Something about Perec’s prose primes my unconscious. It is essentially nonsense: Groups of words coalesce into phrases, but go further than that and the meaning starts to deteriorate. There is no narrative, no interpretation. The act of reading is essentially to absorb information: For your concentration, a reward. So what does it do to our brains when there is no such reward? Perec’s writing formed a winding staircase into my unconscious, each word a step deeper into myself and my mind. Once again, the dream journal sang me a silent lullaby.

I slept. I woke, and immediately reached out to catch the dream that was already rushing away from me:

       important mounds (and holes?) in the ground. A group of men (friends?) threatening M. …
       I had to tell him an important made-up story, possibly about an egg, to get him away from
       the gang. We were at elevation.

This is progress, I thought as I recorded the dream. The next night, I half-woke to capture my midnight dream, barely opening my eyes when I wrote:

      absolute guilt for taking a big plastic bag of cash from a couple. They were up to no good,
      so I threaten them with my gun (?) and push the cash under the seat of my car, then drive
      to take the ferry. (Have already had a scene in a low, low cavernous rock formation.) See M.
      and C. at ferry line, rush to pack up all my stuff, feeling stressed and guilty about the cash.
      But what can I do now? It has to stay hidden. Feeling like a fugitive.

In the morning, I deciphered my scribbles like code left for me by some conspirator. Was I communicating with a part of myself that was entirely unknown to me? I felt a thrill reading the words, like I had never seen them before. My waking self would never have cause to write “feeling like a fugitive.”

      Women’s issues, especially black women and sex. I asked, what is this little bulge on my
      stomach, and someone said the doctor probably did it too early or used needles too long.
      So we organize a protest – women on stilts to represent needles and one or two friends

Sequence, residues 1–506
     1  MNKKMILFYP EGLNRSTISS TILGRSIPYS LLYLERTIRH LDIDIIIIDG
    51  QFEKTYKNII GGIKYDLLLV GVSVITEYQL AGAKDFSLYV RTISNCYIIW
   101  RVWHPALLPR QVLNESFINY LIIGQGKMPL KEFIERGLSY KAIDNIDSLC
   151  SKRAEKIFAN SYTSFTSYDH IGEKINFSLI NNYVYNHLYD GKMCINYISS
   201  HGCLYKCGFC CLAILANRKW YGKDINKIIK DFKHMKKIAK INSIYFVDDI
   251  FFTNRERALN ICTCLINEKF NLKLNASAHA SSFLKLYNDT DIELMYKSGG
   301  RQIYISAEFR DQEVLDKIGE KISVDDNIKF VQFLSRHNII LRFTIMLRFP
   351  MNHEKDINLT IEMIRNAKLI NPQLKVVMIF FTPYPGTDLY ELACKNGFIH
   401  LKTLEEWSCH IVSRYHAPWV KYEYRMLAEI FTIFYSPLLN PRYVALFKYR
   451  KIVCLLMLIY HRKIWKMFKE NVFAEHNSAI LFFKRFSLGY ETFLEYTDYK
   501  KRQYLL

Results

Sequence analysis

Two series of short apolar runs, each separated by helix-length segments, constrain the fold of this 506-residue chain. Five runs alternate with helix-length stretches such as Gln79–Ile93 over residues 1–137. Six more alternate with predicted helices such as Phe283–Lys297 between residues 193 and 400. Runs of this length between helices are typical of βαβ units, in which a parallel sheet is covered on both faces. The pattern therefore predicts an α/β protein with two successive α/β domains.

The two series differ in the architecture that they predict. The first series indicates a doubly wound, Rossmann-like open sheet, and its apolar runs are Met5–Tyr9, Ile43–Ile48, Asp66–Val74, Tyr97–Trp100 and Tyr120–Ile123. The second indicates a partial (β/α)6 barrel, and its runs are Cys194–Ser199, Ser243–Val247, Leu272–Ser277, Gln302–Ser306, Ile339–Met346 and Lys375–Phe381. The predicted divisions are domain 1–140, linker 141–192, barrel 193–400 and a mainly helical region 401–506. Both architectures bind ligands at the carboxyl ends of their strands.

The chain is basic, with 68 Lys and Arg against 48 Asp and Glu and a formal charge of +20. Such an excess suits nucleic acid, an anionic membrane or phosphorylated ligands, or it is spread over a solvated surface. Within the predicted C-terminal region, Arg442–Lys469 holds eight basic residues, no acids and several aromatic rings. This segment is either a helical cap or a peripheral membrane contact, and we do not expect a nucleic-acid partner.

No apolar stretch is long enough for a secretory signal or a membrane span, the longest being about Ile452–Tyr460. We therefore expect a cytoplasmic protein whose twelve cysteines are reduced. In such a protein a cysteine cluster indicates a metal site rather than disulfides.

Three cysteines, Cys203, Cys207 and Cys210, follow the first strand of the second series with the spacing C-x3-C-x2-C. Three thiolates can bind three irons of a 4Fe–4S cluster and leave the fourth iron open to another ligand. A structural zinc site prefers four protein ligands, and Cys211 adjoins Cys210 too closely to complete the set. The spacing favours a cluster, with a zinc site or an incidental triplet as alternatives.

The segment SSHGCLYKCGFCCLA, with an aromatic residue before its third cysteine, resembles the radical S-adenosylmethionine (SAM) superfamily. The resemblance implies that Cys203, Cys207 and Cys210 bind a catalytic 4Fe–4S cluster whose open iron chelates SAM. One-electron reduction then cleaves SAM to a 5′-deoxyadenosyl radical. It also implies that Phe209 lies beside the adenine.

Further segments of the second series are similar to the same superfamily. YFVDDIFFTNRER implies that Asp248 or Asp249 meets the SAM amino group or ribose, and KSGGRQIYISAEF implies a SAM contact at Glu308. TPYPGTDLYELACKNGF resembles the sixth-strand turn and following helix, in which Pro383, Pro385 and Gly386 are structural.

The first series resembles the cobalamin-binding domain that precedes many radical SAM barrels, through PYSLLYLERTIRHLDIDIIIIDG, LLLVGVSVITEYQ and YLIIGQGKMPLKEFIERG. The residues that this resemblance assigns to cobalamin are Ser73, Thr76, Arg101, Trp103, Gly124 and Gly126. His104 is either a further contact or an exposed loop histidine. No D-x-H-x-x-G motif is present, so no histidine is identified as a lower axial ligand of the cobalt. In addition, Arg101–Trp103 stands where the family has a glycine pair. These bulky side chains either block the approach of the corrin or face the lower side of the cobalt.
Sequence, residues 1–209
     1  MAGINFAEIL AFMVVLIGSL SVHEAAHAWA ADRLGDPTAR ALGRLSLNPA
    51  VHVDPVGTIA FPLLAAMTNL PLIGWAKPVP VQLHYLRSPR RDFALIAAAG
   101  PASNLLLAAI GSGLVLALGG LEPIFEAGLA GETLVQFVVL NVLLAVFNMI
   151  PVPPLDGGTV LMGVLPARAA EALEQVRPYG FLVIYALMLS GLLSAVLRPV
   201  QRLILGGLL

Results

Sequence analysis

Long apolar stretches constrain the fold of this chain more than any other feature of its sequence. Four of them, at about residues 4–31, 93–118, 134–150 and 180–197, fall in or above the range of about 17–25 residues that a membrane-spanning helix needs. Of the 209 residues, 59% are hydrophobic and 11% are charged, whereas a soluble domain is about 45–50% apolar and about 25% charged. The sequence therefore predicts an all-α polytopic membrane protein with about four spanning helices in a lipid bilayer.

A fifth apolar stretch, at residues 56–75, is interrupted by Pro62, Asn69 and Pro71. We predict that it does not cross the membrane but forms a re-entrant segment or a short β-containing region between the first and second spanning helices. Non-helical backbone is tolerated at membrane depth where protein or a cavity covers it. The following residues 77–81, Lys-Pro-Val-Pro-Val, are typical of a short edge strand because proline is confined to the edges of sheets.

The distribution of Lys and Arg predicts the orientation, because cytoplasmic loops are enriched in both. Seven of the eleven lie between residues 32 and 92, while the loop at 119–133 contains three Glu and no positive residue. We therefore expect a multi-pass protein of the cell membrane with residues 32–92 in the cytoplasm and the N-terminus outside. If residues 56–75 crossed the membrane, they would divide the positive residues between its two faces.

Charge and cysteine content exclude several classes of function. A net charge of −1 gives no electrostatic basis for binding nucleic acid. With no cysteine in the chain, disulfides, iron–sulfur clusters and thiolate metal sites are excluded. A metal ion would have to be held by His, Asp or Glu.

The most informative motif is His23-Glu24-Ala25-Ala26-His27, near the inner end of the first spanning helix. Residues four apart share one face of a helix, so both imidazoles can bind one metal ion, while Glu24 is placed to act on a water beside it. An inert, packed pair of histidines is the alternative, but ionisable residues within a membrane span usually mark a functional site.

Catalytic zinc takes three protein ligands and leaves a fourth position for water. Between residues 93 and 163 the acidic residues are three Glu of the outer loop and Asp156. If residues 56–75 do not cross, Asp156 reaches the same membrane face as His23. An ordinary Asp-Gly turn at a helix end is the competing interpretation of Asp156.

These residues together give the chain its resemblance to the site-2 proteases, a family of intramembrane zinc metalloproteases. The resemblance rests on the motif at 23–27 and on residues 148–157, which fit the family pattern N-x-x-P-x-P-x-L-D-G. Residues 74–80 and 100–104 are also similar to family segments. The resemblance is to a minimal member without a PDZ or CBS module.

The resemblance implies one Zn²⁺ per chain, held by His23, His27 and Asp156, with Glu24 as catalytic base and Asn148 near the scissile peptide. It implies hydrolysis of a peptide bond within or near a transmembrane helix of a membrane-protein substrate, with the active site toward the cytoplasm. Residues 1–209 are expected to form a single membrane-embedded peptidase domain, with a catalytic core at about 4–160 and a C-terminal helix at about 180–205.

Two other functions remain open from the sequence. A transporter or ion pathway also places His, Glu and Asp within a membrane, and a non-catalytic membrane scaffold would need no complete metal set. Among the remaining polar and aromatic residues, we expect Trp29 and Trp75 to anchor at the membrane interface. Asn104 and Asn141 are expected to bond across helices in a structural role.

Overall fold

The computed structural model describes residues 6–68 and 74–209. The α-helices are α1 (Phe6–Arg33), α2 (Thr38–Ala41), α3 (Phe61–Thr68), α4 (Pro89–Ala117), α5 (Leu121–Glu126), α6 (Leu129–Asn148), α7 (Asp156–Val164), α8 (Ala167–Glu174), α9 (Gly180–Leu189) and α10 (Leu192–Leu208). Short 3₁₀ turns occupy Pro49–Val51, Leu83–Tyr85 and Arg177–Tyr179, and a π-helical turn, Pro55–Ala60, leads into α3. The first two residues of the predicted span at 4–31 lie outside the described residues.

of mine driving tractors…

Like discovering in a dream that your house has a room that you didn’t know existed, I had thumbed a new fold in my unconscious, a place where I kneaded my waking life into strange shapes, watched plausible circumstances flicker into impossible, terrifying scenarios. Seen the uglier parts of myself, too – but felt, through this game with Perec, this drowsy communiqué with myself, more, and fuller, and deeper.

Perhaps the first dream had only been a coincidence, a timely collision of waking with non, that I had mistaken for causality, and everything that followed was gross manipulation. I was enlisting Perec’s most intimate confessions – the writer could not have turned his eye more further inward – to serve my own experimental ends. Perec the writer and Perec the subject swirled into a heady tonic that I gulped greedily each night, and before I knew it, I was my own writer and subject, dreaming my own book of dreams. But what for?

Was it that I wanted to put my daily mundane to bed, trade my body -- limp, supine, inert – for a moment of being, however smudged?  Become a saver of lives, a thief of fortunes, a woman of action? In my dreams, was I really me?

It occurred to me, finally, that I had fallen into the same trap as the writer himself. “I thought I was recording the dreams I was having,” wrote Perec, “I have realized that it was not long before I began having dreams only in order to write them.”

Reading La Boutique Obscure had been a strange kind of reawakening, but more uncanny – and embarrassing, and satisfying – was what came next: its exploitation.

Angela Jane Evancie writes, photographs and makes radio in her ever-changing surroundings. She is currently based in Washington, D.C.

Katrina d'Autremont is a photographer living and working in Philadelphia.

Natasha de Betak is an artist who has lived everywhere and currently works from Paris.

Also in this issue

Illusion: Seeing Beyond Seeing
Meaning: In Search of Significance.
Melody: A Different Tune
Rhythm: Ordering Time

Dhrupadi Ghosh is an old friend of mine. We have often had long sessions of adda late at night, discussing her dream projects since her college days at Santiniketan, where she majored in Sculpture.